USS Jenkins (DD-42)

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USSJenkinsDD42.jpg
USS Jenkins (DD-42) moored in a European area port (possibly Queenstown, Ireland), circa 1918. She is painted in "Dazzle" type camouflage.
History
US flag 48 stars.svgUnited States
NameJenkins
Namesake Rear Admiral Thornton A. Jenkins
Builder Bath Iron Works, Bath, Maine
Cost$650,712.43 [1]
Laid down24 March 1911
Launched29 April 1912
Sponsored byMiss Alice Jenkins, daughter of Rear Admiral Jenkins
Commissioned15 June 1912
Decommissioned31 October 1919
Stricken8 March 1935
Identification
Fatesold for scrap in 1935
General characteristics [2]
Class and type Paulding-class destroyer
Displacement
  • 742 long tons (754 t) normal
  • 887 long tons (901 t) full load
Length293 ft 10 in (89.56 m)
Beam27 ft (8.2 m)
Draft8 ft 4 in (2.54 m) (mean) [3]
Installed power12,000 ihp (8,900 kW)
Propulsion
Speed
  • 29.5 kn (33.9 mph; 54.6 km/h)
  • 31.27 kn (35.98 mph; 57.91 km/h) (Speed on Trial) [3]
Complement4 officers 87 enlisted [4]
Armament

The first USS Jenkins (DD-42) was a modified Paulding-class destroyer in the United States Navy during World War I. She was named for Rear Admiral Thornton A. Jenkins.

Contents

Jenkins was laid down on 24 March 1911 by Bath Iron Works, Bath, Maine; launched on 29 April 1912; sponsored by Miss Alice Jenkins, daughter of Rear Admiral Jenkins; and commissioned on 15 June 1912.

Pre-World War I

In the years that preceded World War I, Jenkins, based at Newport, Rhode Island, trained with the Atlantic Fleet, sailing to the Caribbean for winter maneuvers operating along the East Coast in summer. In addition, she sailed to Tampico, Mexico in mid-April 1914 to support the American occupation of Veracruz. On 1 October 1916 she was in a collision with the lighter Trilby at Sandwich, Massachusetts that resulted in damage to the lighter. [5]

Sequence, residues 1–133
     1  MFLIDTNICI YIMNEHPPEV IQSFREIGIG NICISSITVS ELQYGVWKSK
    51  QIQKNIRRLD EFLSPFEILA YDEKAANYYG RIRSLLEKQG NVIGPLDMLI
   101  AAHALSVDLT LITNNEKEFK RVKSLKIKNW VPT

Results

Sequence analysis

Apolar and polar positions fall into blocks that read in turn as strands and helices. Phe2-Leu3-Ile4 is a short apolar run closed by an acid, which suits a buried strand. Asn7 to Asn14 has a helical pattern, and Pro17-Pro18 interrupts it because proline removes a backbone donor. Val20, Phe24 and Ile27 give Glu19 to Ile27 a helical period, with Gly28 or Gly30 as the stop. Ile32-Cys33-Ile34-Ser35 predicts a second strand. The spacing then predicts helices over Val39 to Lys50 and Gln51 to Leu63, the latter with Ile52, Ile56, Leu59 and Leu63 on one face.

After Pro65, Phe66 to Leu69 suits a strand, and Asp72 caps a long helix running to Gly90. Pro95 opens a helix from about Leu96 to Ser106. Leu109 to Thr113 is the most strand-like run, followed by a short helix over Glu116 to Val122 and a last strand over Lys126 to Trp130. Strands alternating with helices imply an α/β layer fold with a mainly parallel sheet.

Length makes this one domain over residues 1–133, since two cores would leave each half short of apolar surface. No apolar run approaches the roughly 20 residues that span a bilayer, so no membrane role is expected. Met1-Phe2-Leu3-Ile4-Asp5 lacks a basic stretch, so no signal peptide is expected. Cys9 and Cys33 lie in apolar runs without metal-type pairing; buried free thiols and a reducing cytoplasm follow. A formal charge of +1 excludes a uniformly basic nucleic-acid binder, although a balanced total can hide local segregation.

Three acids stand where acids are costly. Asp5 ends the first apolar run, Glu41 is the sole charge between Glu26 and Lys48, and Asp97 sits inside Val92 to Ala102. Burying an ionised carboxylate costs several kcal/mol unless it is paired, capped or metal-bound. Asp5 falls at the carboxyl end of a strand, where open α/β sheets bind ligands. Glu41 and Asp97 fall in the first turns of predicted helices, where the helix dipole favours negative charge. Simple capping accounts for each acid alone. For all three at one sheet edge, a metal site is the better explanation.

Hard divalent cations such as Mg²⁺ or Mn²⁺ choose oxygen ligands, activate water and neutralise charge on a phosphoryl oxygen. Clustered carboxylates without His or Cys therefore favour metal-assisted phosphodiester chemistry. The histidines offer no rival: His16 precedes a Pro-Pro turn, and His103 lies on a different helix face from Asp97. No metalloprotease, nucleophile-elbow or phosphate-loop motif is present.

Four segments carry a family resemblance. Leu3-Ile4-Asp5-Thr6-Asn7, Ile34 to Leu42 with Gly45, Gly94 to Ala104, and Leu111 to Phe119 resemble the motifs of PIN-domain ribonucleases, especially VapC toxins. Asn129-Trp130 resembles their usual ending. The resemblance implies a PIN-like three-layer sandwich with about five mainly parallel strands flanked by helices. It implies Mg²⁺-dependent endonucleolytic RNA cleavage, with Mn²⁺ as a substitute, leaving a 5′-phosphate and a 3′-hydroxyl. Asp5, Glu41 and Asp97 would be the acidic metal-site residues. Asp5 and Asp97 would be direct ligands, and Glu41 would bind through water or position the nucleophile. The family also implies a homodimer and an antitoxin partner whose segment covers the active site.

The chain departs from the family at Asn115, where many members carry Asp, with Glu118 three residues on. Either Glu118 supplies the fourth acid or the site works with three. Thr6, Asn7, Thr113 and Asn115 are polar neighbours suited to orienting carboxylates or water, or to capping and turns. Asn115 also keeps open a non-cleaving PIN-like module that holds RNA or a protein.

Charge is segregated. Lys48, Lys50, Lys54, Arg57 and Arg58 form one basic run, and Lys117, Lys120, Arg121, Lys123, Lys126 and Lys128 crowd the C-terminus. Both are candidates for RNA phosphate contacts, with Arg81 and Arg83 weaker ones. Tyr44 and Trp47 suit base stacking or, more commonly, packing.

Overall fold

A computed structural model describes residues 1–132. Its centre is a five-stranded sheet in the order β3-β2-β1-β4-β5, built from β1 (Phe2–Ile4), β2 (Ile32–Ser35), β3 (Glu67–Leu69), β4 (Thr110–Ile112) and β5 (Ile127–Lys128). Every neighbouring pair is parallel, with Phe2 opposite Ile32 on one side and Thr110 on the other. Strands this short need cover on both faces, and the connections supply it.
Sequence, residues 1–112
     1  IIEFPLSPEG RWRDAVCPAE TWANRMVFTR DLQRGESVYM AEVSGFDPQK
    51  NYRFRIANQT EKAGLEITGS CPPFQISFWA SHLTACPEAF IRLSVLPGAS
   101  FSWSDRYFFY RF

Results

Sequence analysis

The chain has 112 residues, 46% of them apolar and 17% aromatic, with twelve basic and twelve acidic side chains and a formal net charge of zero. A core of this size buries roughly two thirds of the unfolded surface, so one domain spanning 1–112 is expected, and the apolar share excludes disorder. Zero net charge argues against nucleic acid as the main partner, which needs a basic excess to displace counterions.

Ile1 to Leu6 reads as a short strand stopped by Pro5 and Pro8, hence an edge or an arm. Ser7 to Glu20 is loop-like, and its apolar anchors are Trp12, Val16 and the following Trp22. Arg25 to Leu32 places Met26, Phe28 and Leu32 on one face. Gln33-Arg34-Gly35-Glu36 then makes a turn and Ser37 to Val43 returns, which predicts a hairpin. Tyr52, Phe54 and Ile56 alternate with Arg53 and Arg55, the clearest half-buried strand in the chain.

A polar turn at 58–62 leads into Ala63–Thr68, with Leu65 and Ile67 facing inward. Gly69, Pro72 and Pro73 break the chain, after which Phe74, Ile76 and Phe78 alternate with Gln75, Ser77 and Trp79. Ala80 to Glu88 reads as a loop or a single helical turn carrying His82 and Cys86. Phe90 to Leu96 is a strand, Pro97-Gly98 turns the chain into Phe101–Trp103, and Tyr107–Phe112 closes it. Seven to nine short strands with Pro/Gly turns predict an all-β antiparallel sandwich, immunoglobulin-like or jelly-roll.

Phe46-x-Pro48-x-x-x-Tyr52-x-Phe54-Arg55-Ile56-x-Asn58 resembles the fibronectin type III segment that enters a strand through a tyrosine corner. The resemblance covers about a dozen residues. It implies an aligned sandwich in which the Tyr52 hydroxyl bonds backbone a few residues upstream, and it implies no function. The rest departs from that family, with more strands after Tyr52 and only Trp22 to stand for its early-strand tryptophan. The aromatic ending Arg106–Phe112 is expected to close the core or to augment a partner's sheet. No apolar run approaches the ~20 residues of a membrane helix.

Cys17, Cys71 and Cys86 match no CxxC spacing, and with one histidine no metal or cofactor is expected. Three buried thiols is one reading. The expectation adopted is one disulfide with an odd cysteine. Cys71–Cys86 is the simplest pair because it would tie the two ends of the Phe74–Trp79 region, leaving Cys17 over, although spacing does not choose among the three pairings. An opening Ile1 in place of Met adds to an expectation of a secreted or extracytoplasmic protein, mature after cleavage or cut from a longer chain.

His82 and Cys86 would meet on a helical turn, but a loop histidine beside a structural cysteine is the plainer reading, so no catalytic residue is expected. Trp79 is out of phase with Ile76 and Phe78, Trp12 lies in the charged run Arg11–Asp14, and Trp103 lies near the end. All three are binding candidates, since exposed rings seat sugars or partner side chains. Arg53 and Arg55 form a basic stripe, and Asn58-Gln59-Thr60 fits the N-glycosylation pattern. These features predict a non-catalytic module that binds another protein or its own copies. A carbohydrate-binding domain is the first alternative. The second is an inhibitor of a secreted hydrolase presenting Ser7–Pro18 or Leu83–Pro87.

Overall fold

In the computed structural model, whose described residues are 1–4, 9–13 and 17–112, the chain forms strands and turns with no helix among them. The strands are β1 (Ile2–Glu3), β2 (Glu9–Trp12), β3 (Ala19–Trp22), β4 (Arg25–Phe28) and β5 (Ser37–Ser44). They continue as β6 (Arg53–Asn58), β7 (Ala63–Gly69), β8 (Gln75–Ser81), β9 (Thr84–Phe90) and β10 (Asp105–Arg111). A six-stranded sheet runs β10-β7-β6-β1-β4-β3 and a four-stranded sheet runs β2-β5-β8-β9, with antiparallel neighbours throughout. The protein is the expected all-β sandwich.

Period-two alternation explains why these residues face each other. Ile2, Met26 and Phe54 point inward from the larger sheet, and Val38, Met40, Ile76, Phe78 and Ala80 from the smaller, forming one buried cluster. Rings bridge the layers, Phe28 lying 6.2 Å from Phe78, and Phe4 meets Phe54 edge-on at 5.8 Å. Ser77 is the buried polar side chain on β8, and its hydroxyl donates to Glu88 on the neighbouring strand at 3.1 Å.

World War I

As the war raged in Europe, Jenkins continued patrol operations along the North American coast in search of possible German U-boats. The patrols and maneuvers sharpened her war-readiness, so that she was ready for any eventuality when she sailed for Europe on 26 May 1917.

Based at Queenstown, Ireland, Jenkins and her sister destroyers patrolled the eastern Atlantic, escorting convoys and rescuing survivors of sunken merchantmen. She continued escort and patrol duty for the duration of the war. Though she made several submarine contacts, no results were determined. Following the signing of the Armistice on 11 November 1918, Jenkins sailed for home, arriving Boston, Massachusetts on 3 January 1919.

Inter-war period

The destroyer operated along the Atlantic coast until arriving at Philadelphia, Pennsylvania on 20 July. She remained there until decommissioning on 31 October. Jenkins was scrapped in 1935 in accordance with the London Naval Treaty.

Notable commanders

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References

  1. "Table 21 - Ships on Navy List June 30, 1919". Congressional Serial Set. U.S. Government Printing Office: 762. 1921.
  2. "USS Jenkins (DD-42)". Navsource.org. Retrieved June 23, 2015.
  3. 1 2 "Table 10 - Ships on Navy List June 30, 1919". Congressional Serial Set. U.S. Government Printing Office: 714. 1921.
  4. "Table 16 - Ships on Navy List June 30, 1919". Congressional Serial Set. U.S. Government Printing Office: 749. 1921.
  5. "Records of the T. A. Scott co". mysticseaport.org. Retrieved 15 April 2021.
  6. "Military Times Hall of Valor Awards for James Laurence Kauffman". militarytimes.com. Retrieved 2014-06-13.